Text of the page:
County Tells 5 Bathhouses to Clean Up Act


Four gay bathhouses and one that caters to a heterosexual clientele were served notice by county health authorities Thursday that they are violating the city's bathhouse ordinance, designed to prevent the spread of AIDS.

Owners of the bathhouses charge that the county, which oversees them on a contract basis with the city, is trying to run them out of business.

"To me, there's no question," said Tom Homann, attorney for The Mustang Club and Dave's. "They're doing this to make a statement to gays."

Homosexual activists called the move a violation of civil liberties that will have no effect on curbing the spread of AIDS and may, in fact, eliminate a source of education and information about the disease.

"From the perspective of human rights, I want to demand that the hotels and motels of San Diego be put to the same test," said Harry A. (Al) Best, who describes himself as the first "openly gay" Civil Service commissioner in San Diego. "Does sex never occur in those places?"

Gary Stephany, director of environmental health services for San Diego County, said the primary violations uncovered by inspectors were private rooms and lack of sufficient lighting.

"You're not allowed to have private rooms, which means the doors have to be unlocked," Stephany said. "You have to have a window on the door, to be able to see through. You have to have signs posted that say 'Single Occupancy Only.'

"There was not enough lighting in many of the rooms, and there were other violations. They have 15 days to comply, and if they don't, then it's up to the city attorney."

Stephany said that only one of the five has applied for a permit under the ordinance.

"From our perspective, if you don't comply (with the regulations) and don't bother with the permit, then you shouldn't be operating," he said.

Stephany said the city ordinance was worked out in negotiations with bathhouse owners, "and if they can't live with their own ordinance, then we'll end up in court. That's not our desire. Our desire is to make them a safe place."

Nevertheless, Stephany said that "unsafe sex" does occur in such places and contributes to the spread of AIDS. He said bathhouses are among 29,000 public establishments regulated by the county.

"To say we're discriminating is like saying we discriminate against people who use swimming pools," he said. "We regulate those, too. We're just trying to protect the public."

Attorney Michael Crowley, who represents Club San Diego and the Vulcan, said the bathhouse controversy stems from an ordinance passed by the county Board of Supervisors two years ago. That measure was followed with the city ordinance.

At the time, Crowley said, even the San Diego gay task force supported the measures, fearing that sex in bathhouses contributed to AIDS.

"But, as the conduct of the gay community has changed, so, in fact, has it changed in the bathhouses," he said.

On a recent afternoon at Club San Diego, in the 3900 block of University Avenue in Hillcrest, a bowl of condoms was positioned at the front counter. But none of three customers in line bothered to pick one up after being issued a towel and key.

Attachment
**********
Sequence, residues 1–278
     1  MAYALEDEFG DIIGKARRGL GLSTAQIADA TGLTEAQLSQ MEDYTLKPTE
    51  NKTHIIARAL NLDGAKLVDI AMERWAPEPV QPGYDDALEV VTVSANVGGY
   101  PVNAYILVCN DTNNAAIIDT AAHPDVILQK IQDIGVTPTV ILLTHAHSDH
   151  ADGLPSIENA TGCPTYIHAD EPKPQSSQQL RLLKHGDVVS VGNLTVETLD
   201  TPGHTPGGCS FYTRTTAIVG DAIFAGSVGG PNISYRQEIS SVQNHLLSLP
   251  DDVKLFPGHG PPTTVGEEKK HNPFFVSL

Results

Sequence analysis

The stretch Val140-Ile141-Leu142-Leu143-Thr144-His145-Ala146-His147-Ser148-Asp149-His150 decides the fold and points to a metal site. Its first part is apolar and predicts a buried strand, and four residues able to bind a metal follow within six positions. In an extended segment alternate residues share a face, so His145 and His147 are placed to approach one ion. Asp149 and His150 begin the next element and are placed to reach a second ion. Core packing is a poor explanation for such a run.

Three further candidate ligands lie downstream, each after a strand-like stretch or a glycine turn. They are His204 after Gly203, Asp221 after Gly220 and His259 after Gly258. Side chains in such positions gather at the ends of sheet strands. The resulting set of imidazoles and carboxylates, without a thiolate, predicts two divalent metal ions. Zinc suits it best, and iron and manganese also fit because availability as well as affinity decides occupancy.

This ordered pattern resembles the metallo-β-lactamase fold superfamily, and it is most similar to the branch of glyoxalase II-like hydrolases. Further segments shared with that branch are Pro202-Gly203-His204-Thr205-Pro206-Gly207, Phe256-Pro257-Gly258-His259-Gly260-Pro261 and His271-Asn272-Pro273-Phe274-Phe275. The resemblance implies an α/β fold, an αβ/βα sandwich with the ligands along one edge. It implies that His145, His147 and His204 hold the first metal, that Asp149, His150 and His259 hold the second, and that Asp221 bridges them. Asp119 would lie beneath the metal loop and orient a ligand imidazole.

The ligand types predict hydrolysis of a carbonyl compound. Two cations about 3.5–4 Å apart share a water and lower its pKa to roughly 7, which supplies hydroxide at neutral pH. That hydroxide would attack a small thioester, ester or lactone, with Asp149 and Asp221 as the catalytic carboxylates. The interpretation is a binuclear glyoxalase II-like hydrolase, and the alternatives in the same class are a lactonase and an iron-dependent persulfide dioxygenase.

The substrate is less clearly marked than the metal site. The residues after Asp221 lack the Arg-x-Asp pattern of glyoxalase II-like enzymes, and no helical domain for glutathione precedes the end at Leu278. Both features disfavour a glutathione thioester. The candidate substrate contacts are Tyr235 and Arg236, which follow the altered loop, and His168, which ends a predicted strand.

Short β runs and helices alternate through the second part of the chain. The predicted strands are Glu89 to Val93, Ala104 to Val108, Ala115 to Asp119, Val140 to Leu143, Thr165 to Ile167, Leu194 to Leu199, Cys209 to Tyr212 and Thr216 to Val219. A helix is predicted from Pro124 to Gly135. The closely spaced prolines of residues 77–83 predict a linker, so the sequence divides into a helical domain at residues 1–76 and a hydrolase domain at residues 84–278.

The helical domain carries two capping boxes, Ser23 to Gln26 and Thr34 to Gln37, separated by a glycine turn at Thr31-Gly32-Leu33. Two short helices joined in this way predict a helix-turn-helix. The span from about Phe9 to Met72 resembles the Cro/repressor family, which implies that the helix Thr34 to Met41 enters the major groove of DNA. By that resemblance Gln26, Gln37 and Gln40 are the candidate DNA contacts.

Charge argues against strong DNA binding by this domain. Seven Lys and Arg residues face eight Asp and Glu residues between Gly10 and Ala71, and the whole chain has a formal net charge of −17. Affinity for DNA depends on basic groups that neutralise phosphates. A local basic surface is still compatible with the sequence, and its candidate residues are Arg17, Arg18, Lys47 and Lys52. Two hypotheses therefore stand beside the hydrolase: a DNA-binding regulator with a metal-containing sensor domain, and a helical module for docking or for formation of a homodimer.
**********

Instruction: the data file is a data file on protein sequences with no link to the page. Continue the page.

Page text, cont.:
Another client, who appeared to be Latino, did not seem particularly welcome.

"If you're going to come to a place like this, you'd better learn to speak English!" said the man behind the counter.

Nevertheless, Crowley said that bathhouses have become important social outlets and valuable educational centers for informing gay men about "unsafe" sex. He said bathhouses provide a refuge, in contrast to Balboa Park, where, he said, gay men are occasionally beat up.

Best, the Civil Service commissioner, said that, turned away from one place, gay men "may engage in sex in the aisles and seats of porno theaters, which is now happening in San Francisco. To think that you're going to stop sex is preposterous."

Crowley calls the issue the personal crusade of Dr. William Cox, chief medical officer of the county's Department of Health Services. Cox was unavailable for comment.

"There's no question in my mind that Cox is behind a lot of it," Crowley said. "There's no question that he wants them closed down. What we're trying to do, in ongoing negotiations, is reach a point where he feels they're safe enough that he's comfortable with keeping them open."

But, for some, that isn't good enough. Best said he sees the action of county health officials as "nothing less than homophobic. And it's gay-bashing. If we shut down bathhouses, what's next? Bars, bowling alleys? To think that we can legislate morality is an obscenity in and of itself."

Homann, the attorney representing two of the bathhouses, said the county ordinance, and the subsequent city measure, "required clean toilets, which suggests that AIDS is spread through toilets. It posed restrictions on ventilation, which suggests that AIDS is spread through the air.

"There was even one about clothing. Oh, is it now spread through clothes? There were all sorts of picky, irrational requirements. I see the whole thing as a show--to prove that they're doing something about AIDS, when, in fact, they're doing nothing."

Susanne Revis is the owner of The Tubs on El Cajon Boulevard, the only one of five catering to a "straight" clientele.

"I'm horrified," Revis said, "and I don't know how I'll fight it."

Revis said her business is "95% couples, who come here for a romantic evening. I believe I'm being lumped in because they don't want to make it look like they're singling out homosexuals. And that's exactly what they're doing."

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